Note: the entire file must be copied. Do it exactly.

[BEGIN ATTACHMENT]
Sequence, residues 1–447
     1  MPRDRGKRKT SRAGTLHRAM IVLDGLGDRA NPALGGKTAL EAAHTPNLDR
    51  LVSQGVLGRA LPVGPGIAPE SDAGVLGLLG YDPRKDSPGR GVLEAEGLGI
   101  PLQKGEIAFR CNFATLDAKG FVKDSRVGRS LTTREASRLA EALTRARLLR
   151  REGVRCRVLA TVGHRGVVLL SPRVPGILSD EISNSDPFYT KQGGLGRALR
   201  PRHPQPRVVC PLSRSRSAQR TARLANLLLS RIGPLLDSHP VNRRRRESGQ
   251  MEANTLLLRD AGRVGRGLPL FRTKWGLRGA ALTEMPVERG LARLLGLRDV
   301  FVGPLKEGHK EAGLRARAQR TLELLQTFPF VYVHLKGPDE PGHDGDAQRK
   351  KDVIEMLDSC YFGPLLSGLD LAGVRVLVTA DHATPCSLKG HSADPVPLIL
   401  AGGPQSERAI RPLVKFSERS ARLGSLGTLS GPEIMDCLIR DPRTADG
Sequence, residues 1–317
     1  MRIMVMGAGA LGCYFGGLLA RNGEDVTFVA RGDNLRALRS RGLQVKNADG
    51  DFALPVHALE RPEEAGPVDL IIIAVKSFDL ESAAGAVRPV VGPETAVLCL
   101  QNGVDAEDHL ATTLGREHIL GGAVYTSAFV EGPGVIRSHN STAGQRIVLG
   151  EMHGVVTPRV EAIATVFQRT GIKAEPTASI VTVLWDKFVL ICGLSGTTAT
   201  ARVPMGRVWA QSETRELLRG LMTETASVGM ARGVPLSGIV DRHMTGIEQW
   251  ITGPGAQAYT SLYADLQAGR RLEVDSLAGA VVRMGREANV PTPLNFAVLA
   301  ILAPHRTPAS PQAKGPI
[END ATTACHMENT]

Sequence, residues 1–447
     1  MPRDRGKRKT SRAGTLHRAM IVLDGLGDRA NPALGGKTAL EAAHTPNLDR
    51  LVSQGVLGRA LPVGPGIAPE SDAGVLGLLG YDPRKDSPGR GVLEAEGLGI
   101  PLQKGEIAFR CNFATLDAKG FVKDSRVGRS LTTREASRLA EALTRARLLR
   151  REGVRCRVLA TVGHRGVVLL SPRVPGILSD EISNSDPFYT KQGGLGRALR
   201  PRHPQPRVVC PLSRSRSAQR TARLANLLLS RIGPLLDSHP VNRRRRESGQ
   251  MEANTLLLRD AGRVGRGLPL FRTKWGLRGA ALTEMPVERG LARLLGLRDV
   301  FVGPLKEGHK EAGLRARAQR TLELLQTFPF VYVHLKGPDE PGHDGDAQRK
   351  KDVIEMLDSC YFGPLLSGLD LAGVRVLVTA DHATPCSLKG HSADPVPLIL
   401  AGGPQSERAI RPLVKFSERS ARLGSLGTLS GPEIMDCLIR DPRTADG
Sequence, residues 1–317
     1  MRIMVMGAGA LGCYFGGLLA RNGEDVTFVA RGDNLRALRS RGLQVKNADG
    51  DFALPVHALE RPEEAGPVDL IIIAVKSFDL ESAAGAVRPV VGPETAVLCL
   101  QNGVDAEDHL ATTLGREHIL GGAVYTSAFV EGPGVIRSHN STAGQRIVLG
   151  EMHGVVTPRV EAIATVFQRT GIKAEPTASI VTVLWDKFVL ICGLSGTTAT
   201  ARVPMGRVWA QSETRELLRG LMTETASVGM ARGVPLSGIV DRHMTGIEQW
   251  ITGPGAQAYT SLYADLQAGR RLEVDSLAGA VVRMGREANV PTPLNFAVLA
   301  ILAPHRTPAS PQAKGPI